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> Some problems I've faced that I would appreciate some comments on
> (privately if you prefer) are (1) cost -- some projects have run pretty
> high in cost and while some more wealthy students can afford higher
> expenses, other students are really limited in what they can afford.
> (2) grading -- as an instructor what grade do I assign if the client
> loves it (its free!) but I would still recommend several revisions?
1. We have computers and laserprinters available, but suggest to the
students that the client pick up costs, and perhaps even help out with
travel costs for interviews, etc. After all they're often getting a
professional product, or at least one that's been professionally
We do not let students charge 'normal' rates for their work, mainly
because the work includes the Uni's equipment, and our expertise as
editors/reviewers. If a client wants to pay the usual rates, the money
goes into a dept fund, and used for purchases/activities relevant to the
course. We've found that clients who pay sometimes assume, wrongly, that
they're getting the instructor's expertise. For this reason, we try to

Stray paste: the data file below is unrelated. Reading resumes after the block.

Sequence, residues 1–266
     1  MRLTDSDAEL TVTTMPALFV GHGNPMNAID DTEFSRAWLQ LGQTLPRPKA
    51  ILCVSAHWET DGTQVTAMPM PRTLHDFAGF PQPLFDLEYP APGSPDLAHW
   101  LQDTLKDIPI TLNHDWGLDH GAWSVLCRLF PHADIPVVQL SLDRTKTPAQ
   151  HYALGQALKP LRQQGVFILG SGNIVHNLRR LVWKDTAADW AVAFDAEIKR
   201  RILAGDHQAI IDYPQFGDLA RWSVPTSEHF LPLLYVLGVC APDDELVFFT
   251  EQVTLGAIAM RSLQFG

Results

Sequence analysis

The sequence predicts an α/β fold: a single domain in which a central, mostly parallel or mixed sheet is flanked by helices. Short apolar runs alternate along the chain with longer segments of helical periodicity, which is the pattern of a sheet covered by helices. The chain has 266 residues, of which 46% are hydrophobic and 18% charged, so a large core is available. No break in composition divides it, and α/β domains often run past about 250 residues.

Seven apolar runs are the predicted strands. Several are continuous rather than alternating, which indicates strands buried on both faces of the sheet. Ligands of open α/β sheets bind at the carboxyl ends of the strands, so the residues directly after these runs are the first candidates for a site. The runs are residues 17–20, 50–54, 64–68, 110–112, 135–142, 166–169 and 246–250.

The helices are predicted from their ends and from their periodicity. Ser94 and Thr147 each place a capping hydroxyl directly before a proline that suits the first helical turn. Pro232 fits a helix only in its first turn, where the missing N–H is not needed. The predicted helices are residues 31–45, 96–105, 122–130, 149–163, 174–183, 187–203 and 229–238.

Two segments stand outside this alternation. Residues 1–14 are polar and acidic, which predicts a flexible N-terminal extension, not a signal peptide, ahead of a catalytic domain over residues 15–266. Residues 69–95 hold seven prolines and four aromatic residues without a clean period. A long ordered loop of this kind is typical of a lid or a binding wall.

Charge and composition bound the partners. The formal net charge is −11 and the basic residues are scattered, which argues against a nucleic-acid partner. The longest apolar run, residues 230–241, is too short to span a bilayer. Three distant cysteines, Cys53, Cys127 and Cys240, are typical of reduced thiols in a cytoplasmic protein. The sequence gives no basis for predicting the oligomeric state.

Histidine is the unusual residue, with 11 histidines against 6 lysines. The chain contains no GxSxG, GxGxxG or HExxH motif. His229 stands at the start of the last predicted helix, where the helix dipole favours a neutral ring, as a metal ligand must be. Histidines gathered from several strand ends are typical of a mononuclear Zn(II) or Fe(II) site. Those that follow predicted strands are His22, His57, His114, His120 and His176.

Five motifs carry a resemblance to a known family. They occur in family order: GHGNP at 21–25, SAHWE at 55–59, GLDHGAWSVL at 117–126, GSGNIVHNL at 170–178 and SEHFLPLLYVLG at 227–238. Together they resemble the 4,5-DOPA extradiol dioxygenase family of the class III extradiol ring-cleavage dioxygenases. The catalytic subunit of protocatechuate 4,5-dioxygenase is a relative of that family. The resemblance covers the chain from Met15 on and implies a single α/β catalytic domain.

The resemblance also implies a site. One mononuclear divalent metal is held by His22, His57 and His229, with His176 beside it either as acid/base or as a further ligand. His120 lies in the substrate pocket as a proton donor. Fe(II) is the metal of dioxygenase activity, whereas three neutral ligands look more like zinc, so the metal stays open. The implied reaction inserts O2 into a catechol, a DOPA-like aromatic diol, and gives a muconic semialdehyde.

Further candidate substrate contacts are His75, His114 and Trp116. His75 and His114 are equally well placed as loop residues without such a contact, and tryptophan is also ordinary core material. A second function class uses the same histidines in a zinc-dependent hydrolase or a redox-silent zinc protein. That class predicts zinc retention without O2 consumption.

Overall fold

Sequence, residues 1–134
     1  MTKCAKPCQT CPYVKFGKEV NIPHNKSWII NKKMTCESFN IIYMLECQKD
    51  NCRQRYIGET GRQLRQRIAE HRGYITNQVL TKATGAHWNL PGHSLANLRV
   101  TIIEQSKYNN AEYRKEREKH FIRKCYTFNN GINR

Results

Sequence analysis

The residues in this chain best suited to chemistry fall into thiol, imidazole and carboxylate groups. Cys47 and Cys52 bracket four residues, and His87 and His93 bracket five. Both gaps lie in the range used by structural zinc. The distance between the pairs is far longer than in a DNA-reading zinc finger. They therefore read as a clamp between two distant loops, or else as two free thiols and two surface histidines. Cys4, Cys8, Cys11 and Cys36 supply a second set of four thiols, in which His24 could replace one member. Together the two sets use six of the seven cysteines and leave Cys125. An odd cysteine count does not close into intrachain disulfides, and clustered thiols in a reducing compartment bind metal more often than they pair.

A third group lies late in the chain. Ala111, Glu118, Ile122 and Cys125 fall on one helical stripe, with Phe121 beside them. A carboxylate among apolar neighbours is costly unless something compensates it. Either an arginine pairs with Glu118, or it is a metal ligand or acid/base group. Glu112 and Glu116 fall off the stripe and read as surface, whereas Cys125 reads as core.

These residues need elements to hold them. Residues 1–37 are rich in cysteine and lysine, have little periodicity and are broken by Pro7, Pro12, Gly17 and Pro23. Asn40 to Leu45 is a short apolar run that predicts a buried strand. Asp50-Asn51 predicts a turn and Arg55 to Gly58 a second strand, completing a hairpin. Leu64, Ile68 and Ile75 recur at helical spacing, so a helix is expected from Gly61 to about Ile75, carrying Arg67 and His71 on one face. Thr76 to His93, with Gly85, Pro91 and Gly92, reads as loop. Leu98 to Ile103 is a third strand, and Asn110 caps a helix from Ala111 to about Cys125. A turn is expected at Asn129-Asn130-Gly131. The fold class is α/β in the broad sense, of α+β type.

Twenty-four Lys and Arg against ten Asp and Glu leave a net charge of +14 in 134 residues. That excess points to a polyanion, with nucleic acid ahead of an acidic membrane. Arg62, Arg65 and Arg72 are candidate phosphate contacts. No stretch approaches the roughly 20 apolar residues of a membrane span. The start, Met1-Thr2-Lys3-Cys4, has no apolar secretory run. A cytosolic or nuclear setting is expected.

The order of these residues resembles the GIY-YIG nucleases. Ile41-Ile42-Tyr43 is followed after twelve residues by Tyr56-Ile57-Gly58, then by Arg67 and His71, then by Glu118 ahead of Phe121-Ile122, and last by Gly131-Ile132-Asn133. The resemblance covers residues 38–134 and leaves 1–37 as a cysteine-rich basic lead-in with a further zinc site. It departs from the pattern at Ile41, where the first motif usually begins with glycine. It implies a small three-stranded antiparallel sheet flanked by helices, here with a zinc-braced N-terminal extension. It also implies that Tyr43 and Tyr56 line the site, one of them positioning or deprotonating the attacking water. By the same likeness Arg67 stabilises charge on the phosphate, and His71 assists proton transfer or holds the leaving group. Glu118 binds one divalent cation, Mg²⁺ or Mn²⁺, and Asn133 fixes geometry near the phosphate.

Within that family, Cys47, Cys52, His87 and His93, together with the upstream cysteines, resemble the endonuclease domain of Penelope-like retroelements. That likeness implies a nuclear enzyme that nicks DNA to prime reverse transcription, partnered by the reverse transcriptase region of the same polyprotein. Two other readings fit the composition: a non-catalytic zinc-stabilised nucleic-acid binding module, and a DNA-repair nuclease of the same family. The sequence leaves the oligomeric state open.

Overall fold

make it clear at the beginning what everyone's role is in the
documentation process, including the client's.
2. We mark according to established standards. The client is asked to
respond to a survey, and his or her remarks are used for a small
percentage of the overall mark. My colleagues and I are happy to get
clients' evaluative comments, but we're aware of the problem of
differences when one client is used to manuals and how they look and
read, while another may have little experience in this. For us, the
client's response is an opportunity for the person to act as an
evaluator, and go beyond the student to communicate directly with a uni
representative. This makes an important link, and helps to alert to any